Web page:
Last Summer’s Fires Caused Serious Climate Change in Greece

Last Summer’s Fires Caused Serious Climate Change in Greece

27 March 2008

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Greece — The massive fires that raged in Greece over the past summer have caused serious climate changes, national media announced.

According to the Centre for Atmosphere and Climate Studies, reported by the Greek Ta Nea, the average maximum temperature on the Pelopennese Peninsula – which was one of the regions most devastated by last year’s fires, will rise by 2.4 degrees Celsius.

Around 20 years will be needed for the restoration of the forest massifs destroyed by the fires, the publication said, adding that in that period the average temperatures are expected to rise by 0.5 degrees Celsius.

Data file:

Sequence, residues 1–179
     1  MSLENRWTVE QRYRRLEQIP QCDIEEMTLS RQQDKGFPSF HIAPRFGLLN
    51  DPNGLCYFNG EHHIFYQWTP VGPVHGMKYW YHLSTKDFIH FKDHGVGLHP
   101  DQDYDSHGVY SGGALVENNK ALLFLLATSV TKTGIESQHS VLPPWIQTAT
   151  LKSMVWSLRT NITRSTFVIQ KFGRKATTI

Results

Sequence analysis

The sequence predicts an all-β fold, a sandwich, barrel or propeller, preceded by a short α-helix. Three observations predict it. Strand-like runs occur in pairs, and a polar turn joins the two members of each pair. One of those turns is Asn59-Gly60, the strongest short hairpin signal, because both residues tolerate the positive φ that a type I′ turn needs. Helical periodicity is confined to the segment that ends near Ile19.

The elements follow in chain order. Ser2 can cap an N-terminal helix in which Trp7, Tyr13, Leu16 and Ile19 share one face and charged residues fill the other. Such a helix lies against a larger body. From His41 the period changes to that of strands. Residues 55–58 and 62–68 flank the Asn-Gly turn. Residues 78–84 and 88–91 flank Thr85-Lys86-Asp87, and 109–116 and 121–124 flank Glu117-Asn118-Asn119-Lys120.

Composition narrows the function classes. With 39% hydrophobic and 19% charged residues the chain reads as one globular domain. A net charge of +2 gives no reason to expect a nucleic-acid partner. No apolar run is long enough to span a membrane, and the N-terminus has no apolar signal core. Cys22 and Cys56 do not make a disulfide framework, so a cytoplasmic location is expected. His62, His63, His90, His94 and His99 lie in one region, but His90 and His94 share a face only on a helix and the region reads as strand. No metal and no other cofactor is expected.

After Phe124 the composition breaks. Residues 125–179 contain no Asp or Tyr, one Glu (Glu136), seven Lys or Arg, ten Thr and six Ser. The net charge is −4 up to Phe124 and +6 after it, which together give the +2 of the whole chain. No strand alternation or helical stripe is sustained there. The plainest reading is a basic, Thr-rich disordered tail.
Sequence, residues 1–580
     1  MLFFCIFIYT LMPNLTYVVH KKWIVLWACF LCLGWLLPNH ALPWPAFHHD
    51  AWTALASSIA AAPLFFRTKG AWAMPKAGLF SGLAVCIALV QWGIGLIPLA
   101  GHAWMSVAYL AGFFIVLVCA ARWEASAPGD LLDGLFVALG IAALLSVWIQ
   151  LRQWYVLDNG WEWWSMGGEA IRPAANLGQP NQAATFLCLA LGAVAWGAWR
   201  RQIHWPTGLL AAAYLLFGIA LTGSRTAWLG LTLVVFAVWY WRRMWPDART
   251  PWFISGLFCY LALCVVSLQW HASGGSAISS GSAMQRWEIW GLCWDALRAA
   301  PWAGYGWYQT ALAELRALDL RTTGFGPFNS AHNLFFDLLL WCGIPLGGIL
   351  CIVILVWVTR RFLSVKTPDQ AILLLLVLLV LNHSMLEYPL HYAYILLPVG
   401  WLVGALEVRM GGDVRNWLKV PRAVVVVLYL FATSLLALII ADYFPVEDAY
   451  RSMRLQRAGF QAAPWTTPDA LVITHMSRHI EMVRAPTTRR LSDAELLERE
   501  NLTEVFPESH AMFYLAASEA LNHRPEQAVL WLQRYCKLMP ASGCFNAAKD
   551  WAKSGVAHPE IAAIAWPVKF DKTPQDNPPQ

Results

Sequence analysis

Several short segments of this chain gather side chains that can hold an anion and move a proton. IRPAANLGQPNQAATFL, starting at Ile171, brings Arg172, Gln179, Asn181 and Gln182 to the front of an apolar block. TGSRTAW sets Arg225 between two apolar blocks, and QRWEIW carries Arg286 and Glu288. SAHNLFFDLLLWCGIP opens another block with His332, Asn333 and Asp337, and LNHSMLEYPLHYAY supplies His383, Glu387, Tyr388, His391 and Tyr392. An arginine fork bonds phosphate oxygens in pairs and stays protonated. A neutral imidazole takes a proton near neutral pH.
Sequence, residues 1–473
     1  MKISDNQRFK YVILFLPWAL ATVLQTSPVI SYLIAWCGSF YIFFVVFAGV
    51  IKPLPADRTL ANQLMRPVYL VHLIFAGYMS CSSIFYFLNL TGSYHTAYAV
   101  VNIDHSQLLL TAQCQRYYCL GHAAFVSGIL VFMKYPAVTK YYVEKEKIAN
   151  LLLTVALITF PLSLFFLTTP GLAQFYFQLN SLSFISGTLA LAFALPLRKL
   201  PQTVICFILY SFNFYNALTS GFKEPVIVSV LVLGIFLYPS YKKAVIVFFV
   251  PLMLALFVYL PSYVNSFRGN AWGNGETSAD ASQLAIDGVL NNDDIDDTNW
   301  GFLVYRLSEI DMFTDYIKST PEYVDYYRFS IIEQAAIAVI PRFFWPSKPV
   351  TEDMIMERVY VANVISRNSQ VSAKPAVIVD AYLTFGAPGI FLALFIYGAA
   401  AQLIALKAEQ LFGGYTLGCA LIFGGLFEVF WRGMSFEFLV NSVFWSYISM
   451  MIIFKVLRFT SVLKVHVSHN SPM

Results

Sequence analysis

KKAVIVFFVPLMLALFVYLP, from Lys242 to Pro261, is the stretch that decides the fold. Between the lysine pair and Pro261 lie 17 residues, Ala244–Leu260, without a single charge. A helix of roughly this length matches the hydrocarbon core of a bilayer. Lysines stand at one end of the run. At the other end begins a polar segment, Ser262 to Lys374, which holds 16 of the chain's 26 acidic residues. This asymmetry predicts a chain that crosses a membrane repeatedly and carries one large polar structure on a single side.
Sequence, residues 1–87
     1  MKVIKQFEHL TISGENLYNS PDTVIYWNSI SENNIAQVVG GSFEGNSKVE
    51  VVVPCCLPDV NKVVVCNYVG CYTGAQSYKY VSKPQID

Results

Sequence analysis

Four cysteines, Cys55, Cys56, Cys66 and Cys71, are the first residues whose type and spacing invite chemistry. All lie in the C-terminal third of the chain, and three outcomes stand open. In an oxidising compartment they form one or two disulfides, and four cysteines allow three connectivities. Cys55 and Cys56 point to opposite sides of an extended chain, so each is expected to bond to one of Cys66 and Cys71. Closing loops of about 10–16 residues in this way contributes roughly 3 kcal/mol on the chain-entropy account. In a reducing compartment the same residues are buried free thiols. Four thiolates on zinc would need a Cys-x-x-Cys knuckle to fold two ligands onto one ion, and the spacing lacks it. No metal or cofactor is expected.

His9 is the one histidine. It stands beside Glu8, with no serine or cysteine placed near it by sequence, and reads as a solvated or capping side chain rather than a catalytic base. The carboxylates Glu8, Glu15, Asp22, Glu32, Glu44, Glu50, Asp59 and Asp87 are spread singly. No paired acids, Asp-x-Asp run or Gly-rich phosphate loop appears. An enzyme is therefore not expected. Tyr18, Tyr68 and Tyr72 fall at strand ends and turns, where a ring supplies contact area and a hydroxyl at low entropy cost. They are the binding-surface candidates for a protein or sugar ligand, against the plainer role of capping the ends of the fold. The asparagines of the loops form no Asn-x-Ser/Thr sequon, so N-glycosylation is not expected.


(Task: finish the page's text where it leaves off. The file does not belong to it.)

As reported earlier in March, last summer Greece suffered enormous forest fire damage. In what was the worst fire season on record in the past 50 years, between June and September of 2007over 3,000 fires raged across the country – with the Pelopennese Peninsula being among the worst hit.

Last year, Greece suffered enormous damages from massive forests fires, in the worst fire season recorded for more than half a century. Over 3,000 fires raged across the country between June and September of 2007. More than 80 people lost their lives and a total of 2,700 square kilometres of forests and farmland and around 2,000 buildings were destroyed.

The imminent threat of desertification pointed out by Ta Nea comes after the media published earlier this month forecasts of another summer of massive forest fires for Greece, caused by droughts and a lack of soil humidity.

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